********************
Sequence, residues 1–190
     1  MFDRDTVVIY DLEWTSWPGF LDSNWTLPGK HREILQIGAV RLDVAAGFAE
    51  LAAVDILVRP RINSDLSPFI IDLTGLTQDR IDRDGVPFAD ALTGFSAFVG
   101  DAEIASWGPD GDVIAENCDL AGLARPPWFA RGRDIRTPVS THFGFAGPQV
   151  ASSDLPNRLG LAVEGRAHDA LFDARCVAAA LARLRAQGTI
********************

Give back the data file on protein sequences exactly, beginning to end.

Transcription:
Sequence, residues 1–190
     1  MFDRDTVVIY DLEWTSWPGF LDSNWTLPGK HREILQIGAV RLDVAAGFAE
    51  LAAVDILVRP RINSDLSPFI IDLTGLTQDR IDRDGVPFAD ALTGFSAFVG
   101  DAEIASWGPD GDVIAENCDL AGLARPPWFA RGRDIRTPVS THFGFAGPQV
   151  ASSDLPNRLG LAVEGRAHDA LFDARCVAAA LARLRAQGTI